To be honest, I was blindsided by what a strong year this was for music. The number of new albums I listened to this year didn't vary much, but there was more to enjoy than I did in 2008 or 2009. I typically check out new sounds concurrently with whatever year I'm analyzing for my monthly music blog, and it got to a point about three or four months ago that I putting more energy in my year-end list than whatever else I listening to. There's a running theme to this year's list: established artists releasing career-defining albums, familiar faces with seemingly nothing left to prove but plenty of ways to prove that assumption wrong, newer acts challenging themselves in unexpected ways, a weird sense of fearlessness and a general lack of inhibition. Of course, you never would've heard any of this brilliance on CHR radio, but that's a discussion for another time.
On that note, I defeated myself somewhat and expanded this list to 20 albums. Like I said before, there was too much in 2010 that I enjoyed that had to merit some type of mention. I tried to make this list as complete as possible, though there are a few discs I still need to check out (sorry, Janelle Monae).
1. The Suburbs, Arcade Fire. I'm probably one of the few people on the planet that thought the Fire's 2007 album Neon Bible was better than their 2004 debut Funeral. It wasn't a mere extension of ideas, I argued, but the next logical step. Their third effort, The Suburbs, raises the bar even higher. Inspired mostly by the Butler brothers' Houston upbringing, this is a concept album about a world of nostalgia that may not really exist. The Suburbs is whimsical without being too quirky, cynical but not too apathetic, and the right amount of sentimental.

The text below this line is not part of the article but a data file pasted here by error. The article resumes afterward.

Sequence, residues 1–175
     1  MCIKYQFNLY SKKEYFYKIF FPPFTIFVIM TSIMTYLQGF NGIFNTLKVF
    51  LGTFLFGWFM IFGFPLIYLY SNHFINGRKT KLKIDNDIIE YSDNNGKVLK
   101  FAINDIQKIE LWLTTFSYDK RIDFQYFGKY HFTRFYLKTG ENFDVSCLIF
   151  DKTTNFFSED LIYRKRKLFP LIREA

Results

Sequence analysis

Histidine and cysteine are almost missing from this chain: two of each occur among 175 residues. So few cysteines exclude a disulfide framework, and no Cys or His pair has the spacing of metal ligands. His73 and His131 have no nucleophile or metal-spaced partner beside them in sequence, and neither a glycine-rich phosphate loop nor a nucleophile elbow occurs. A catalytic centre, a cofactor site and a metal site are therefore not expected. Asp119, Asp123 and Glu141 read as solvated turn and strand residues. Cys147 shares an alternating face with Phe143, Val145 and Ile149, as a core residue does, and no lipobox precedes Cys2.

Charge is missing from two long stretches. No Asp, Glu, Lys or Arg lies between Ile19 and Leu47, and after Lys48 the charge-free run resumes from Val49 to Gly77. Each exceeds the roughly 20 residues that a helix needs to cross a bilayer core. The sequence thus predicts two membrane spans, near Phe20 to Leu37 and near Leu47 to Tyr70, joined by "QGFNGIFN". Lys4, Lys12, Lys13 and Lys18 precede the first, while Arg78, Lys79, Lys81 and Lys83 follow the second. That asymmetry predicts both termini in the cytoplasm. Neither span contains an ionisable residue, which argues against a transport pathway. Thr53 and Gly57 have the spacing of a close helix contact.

2. Brothers, The Black Keys. What if the White Stripes had a more pure blues-rock sound, and was a real band rather than a vehicle for Jack White's guitar noodling? Enter The Black Keys, a visceral, Ohio-based guitar-drums duo with a yen for '60s soul and psychedlic-period Howlin' Wolf. Their third proper album is 15 tracks of scruffy, growling blues-punk whose appeal never wears out. This is by far the best music produced in Muscle Shoals, AL in decades.
3. My Beautiful Dark Twisted Fantasy, Kanye West. Kanye might very well be the most enigmatic superstar in the world. When he doesn't keep his ego in check, he's an annoying, attention-hungry jerk. When he shuts his mouth and gets to business, he's an indisputable genius. His fifth album is paid as advertised; no album in any genre has been so sonically sparwling yet so singular in its madness anywhere in recent memory. It's as if Kanye set a Thomas Pynchon novel to music...
4. Congratulations, MGMT
5. This is Happening, LCD Soundsystem
6. Contra, Vampire Weekend
7. Treats, Sleigh Bells
8. King of the Beach, Wavves
9. High Violet, The National
10. Together, The New Pornographers. After four albums of fascinating power-pop/indie-rock workshopping by a confederacy of similar-minded musicians, Neko Case, AC Newman, et al. finally begin to sound like a real band on the fittingly named Together. A supergroup in concept only, the Pornographers' sound is now less of a buffet and more of a potluck dinner, a scrappy feast of catchy songs and whimsical songcraft.
11. Broken Bells, Broken Bells
12. Odd Blood, Yeasayer
13. Beat the Devil's Tattoo, Black Rebel Motorcycle Club
14. Teen Dream, Beach House
15. The Monitor, Titus Andronicus. The unofficial award for most improved band goes to this New Jersey-based quartet, whose nondescript garage-rock debut in 2008 bears precious little resemblance to their stunning second effort. An entire album of songs about the Civil War, played by what sounds like the best Pogues cover band on the planet, should've been too weird to work yet it demolishes what low expectations such a far-fetched idea might garner. I guess all you need is a little ambition.